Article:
Being a new parent is amazing. Everyone around you is excited about the new baby, and your little one will need your love and support. But don’t forget that parents need support as well. It’s normal for new parents to feel overwhelmed from lack of sleep, parenting other children, or the new role of raising a human being. For some parents, they may develop a change in mood, have severe feelings of anxiety or unhappiness or these symptoms are lasting longer than 2 weeks. If a parent is feeling this way, they may be experiencing postpartum depression.According to the National Institute of Mental Health (NIMH), postpartum depression is defined as depression that occurs after a baby is born. Many have heard about postpartum depression affecting mothers but postpartum depression can also affect dads and is referred to as paternal postpartum depression (PPD). PPD can affect from 2% to 25% of dads. According to HealthyChildren.org
, risk factors for PPD include “maternal depression, lack of social support or help from family and friends, and difficulty developing an attachment with the baby.”Dads may experience a range of symptoms that may include feelings of sadness, hopelessness, overwhelmed, anger, irritability, or loss of interest in work or favorite activities.Whether mom or dad are experiencing postpartum depression, there is help. The American Academy of Pediatrics (AAP) recommends screening mothers for depression and many providers are also screening fathers. According to the HealthyChildren.org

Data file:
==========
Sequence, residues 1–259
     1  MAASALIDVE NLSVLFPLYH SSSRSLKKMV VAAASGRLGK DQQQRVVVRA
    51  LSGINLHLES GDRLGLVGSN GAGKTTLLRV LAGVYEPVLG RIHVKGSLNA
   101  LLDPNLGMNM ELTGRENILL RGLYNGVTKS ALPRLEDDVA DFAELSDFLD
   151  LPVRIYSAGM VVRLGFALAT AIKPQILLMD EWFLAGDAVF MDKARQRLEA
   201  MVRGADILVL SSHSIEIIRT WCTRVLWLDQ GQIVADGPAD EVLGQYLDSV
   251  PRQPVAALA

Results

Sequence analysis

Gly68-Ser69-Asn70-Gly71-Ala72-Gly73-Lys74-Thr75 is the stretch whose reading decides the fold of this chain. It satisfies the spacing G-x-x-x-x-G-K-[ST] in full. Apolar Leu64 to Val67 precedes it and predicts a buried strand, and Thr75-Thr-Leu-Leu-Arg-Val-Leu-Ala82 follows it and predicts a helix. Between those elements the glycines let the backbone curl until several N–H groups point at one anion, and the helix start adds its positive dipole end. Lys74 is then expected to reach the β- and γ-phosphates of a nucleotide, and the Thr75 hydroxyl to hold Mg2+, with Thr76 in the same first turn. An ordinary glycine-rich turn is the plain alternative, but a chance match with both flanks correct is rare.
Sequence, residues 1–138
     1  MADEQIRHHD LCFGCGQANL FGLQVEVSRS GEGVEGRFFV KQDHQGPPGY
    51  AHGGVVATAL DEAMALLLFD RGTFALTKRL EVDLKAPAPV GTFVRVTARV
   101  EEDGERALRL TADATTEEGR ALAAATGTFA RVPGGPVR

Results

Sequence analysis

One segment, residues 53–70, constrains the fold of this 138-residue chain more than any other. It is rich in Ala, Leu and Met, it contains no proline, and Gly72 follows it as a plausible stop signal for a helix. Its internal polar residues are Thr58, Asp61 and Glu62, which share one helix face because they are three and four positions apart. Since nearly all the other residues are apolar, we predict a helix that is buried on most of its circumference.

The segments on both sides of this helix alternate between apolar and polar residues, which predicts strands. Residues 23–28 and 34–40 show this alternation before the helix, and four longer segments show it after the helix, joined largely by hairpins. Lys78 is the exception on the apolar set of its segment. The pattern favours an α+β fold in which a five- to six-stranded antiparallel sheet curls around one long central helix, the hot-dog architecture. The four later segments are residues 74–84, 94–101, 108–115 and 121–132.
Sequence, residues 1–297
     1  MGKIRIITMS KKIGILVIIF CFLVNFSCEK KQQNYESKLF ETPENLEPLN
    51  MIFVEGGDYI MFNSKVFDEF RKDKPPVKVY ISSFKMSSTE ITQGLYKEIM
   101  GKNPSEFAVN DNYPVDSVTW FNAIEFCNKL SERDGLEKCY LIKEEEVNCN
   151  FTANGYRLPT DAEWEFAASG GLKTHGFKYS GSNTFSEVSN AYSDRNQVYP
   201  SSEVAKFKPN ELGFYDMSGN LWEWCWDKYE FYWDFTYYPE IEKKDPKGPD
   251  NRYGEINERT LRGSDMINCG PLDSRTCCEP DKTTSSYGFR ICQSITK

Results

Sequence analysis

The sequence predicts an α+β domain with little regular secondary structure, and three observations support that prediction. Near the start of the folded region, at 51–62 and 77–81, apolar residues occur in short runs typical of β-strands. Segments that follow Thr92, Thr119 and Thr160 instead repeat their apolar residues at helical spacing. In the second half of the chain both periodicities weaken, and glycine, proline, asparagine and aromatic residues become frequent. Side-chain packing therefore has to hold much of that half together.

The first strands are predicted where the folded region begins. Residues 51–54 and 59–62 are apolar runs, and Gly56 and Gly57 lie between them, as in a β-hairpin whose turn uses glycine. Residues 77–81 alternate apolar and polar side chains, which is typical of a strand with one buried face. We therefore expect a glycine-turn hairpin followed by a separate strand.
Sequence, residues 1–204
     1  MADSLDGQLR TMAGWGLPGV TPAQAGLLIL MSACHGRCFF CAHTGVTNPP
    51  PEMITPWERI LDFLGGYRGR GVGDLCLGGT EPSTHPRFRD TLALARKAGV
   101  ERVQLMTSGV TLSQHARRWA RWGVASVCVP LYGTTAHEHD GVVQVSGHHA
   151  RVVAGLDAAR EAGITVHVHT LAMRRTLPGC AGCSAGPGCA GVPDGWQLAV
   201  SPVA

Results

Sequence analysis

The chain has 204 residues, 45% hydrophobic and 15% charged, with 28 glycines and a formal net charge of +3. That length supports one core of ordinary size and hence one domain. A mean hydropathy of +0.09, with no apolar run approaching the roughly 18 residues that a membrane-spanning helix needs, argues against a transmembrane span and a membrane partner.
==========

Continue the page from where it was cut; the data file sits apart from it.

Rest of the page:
article about PPD,“Early identification of depressed fathers helps in accessing support and treatment so that they can remain present and positively involved with their family.”Depression is treatable. If you are feeling depressed, please tell a loved one, contact your healthcare provider or you can call the free 24/7 365 days SAMHSA’s National Helpline – 1-800-662-HELP (4357). The hotline provides treatment referral and information service (in English and Spanish) for individuals and families facing mental and/or substance use disorders. If you think you may harm yourself or child, please seek immediate help by calling 911 or the 24/7 National Suicide Hotline at 800-273-8255.